Maybe one day, in the future, I’ll find myself at another one of these conferences. But instead of being the new guy on the scene, I’ll be a seasoned veteran who is excited to share and teach and help out.

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On Teaching

The following is something I wrote in 2009 while still a medical student:

Teaching is a hard thing. By teaching I don’t mean explaining or instructing. Take, for example, teaching basketball to someone. Telling someone the rules of the game is not, to me, teaching them how to play basketball. Explaining what the rules mean and how and when they apply is not teaching either. Teaching involves more. It is showing someone how to dribble the ball, demonstrating the correct form, and then helping the student develop these skills. Teaching is not merely conveying knowledge. It is imparting excellence — or, at the very least, competence in a particular area or field.

Teaching involves lifting a student up with compliments while simultaneously providing criticism that is at the same time constructive, painful, and humbling. Delivering these two — compliment and criticism — can be tricky. How does one find the right balance? It’s unfortunate that there is no formula. Each person is different. The combination of compliment and criticism that motivates and inspires one student could very well devastate and discourage another. Maybe the truly amazing teachers are able to read their students and expertly walk that fine line.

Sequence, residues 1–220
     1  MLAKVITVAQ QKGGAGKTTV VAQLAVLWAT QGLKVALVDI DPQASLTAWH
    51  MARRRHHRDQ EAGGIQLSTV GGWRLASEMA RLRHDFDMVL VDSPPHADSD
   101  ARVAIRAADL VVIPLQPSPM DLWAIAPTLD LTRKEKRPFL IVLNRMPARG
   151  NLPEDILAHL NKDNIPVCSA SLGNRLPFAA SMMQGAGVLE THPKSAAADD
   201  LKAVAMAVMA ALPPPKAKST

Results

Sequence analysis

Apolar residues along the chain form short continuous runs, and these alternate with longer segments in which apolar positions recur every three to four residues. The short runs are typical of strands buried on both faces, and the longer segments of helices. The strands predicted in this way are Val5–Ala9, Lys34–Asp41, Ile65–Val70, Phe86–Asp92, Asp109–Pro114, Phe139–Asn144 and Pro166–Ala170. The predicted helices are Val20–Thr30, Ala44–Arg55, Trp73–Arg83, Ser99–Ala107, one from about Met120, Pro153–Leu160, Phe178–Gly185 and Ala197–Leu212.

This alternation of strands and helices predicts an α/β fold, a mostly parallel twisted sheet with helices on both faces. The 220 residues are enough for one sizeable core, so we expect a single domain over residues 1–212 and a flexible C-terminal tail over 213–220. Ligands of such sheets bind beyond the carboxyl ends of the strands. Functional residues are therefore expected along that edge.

In the absence of truly amazing teachers, or truly amazing teachers with plenty of time to spend with us, a student must resort to other means of attaining competence. One alternative is learning from multiple teachers. Good teachers have different methods, techniques, and personalities. Each one can provide a different, yet helpful angle.

As this academic year inches closer and closer to an end, my mind seems to frequently wander to the future. One of the things I think about is my position as one of the chief residents next year. I hope that I will able to be a good teacher. I may even be willing to settle for an “ok” teacher too.

Maybe I am getting ahead of myself. Maybe I should just concentrate on learing as much as I can as a resident.

Teaching, I feel, is such a great responsibility. Especially when you are training people to take care of patients. The good thing is that I won’t bear this responsibility on my own. I will merely be a cog in a larger wheel; I will only be one part in a larger system. There will be plenty of seasoned attendings who will gladly teach the residents, and I am sure myself as well.

Teaching, I hope, is something that one can learn. And I hope that through the next year I will be able to develop my own teaching style. I’m sure I won’t be able to develop in a year — it’ll take time. But I do hope I am able to make a significant evolutionary leap in my development as an educator and teacher.